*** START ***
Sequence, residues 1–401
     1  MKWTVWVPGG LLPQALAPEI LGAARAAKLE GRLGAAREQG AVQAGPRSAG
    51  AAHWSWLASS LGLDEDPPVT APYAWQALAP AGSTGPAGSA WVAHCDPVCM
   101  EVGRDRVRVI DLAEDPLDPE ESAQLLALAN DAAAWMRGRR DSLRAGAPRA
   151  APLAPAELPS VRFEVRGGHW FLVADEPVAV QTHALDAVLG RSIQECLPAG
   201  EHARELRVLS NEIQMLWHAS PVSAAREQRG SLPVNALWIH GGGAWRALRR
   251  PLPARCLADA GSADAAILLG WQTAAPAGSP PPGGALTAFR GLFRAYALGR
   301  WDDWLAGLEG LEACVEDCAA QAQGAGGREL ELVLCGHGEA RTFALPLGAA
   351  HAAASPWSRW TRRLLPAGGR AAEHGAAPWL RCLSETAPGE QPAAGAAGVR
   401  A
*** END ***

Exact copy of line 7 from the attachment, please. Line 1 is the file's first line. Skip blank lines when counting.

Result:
   251  PLPARCLADA GSADAAILLG WQTAAPAGSP PPGGALTAFR GLFRAYALGR